The United States on Monday said several recent policy decisions by India were discriminatory to foreign companies and have “dampened sentiment” about its investment climate.
“The adoption of manufacturing policies discriminatory to foreign companies and the inclusion of retroactive tax provisions in the Finance Bill are two examples,” U.S. Ambassador to India Nancy J. Powell said.
Voicing concern over challenges to trade and investment between the two nations, she called for a level playing field for US companies doing business with India.
Ms. Powell said she was committed to ensuring that U.S. companies can compete on a level playing field in India and operate in the same open and fair environment that Indian firms enjoy in the U.S.
She was addressing the Indo American Chamber of Commerce (IACC) and American Chamber of Commerce (AMCHAM) members here.
Ms. Powell said she had met US and Indian businessmen in Washington before her arrival and they voiced concerns over high tariff and non-tariff barriers, restrictions on foreign investment, lack of transparency and defence offset requirements.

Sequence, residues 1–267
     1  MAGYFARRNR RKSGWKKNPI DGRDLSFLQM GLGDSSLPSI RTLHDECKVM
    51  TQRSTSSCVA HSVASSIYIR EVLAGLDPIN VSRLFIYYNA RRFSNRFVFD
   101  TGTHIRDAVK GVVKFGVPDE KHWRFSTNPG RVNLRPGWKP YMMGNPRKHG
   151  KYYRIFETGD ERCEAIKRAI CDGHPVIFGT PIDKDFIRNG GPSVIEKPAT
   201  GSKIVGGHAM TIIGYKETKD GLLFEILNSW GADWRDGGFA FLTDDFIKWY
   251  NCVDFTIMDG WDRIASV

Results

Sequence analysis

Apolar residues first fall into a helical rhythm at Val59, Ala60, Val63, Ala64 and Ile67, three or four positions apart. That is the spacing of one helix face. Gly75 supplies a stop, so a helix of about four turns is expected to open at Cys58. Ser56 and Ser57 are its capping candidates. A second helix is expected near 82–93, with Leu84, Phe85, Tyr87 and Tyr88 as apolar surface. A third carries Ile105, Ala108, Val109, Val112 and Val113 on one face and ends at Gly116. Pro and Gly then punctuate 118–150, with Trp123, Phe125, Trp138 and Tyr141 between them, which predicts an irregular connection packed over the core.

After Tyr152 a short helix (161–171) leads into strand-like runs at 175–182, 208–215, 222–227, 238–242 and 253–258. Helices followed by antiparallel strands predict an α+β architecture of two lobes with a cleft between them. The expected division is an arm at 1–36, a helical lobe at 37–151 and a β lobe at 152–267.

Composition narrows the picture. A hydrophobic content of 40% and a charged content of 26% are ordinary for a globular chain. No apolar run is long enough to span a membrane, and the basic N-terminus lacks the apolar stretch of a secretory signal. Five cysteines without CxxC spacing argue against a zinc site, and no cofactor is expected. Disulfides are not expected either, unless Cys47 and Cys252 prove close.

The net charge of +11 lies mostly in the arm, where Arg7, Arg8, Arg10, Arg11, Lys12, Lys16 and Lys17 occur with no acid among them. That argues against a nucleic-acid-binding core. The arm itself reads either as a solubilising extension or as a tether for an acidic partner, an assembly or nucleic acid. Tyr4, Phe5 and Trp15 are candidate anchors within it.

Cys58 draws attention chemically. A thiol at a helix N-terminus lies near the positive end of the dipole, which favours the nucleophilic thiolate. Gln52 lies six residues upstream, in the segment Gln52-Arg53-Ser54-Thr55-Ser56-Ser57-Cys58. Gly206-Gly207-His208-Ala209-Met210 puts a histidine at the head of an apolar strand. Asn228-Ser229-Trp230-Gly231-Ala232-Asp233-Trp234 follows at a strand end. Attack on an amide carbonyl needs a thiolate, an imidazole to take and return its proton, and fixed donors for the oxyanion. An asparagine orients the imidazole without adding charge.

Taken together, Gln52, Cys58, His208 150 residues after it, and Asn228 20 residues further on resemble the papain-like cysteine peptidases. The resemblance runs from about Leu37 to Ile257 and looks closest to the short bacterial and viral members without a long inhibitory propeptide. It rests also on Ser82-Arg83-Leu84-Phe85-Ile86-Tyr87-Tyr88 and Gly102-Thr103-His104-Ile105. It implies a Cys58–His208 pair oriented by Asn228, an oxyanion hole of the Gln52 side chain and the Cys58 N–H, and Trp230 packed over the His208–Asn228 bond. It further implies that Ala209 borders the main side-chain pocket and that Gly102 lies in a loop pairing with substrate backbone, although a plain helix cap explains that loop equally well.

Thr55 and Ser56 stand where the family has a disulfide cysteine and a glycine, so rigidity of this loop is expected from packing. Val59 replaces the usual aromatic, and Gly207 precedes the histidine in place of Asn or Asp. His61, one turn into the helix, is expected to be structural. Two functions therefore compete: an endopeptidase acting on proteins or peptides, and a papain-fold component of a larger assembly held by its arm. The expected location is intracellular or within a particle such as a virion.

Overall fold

Recently, U.S. Treasury Secretary Timothy Geithner met Finance Minister Pranab Mukherjee encouraging him to reassure foreign investors that India would continue to welcome foreign capital by “advancing important economic reforms,” she said.
Ms. Powell added that India and the US were “poised to sign an additional eight billion USD in Direct Commercial and Foreign Military Sales”, through which India would assume a larger leadership role in the region and effectively respond to security concerns and humanitarian relief operations.
Noting U.S.-India partnership in the defence sector has experienced one of the highest growth rates in the region, she said, “With the C-17, C-130J sale, we have more than doubled our total Foreign Military Sales and posted sales making India the third largest FMS market for 2011.”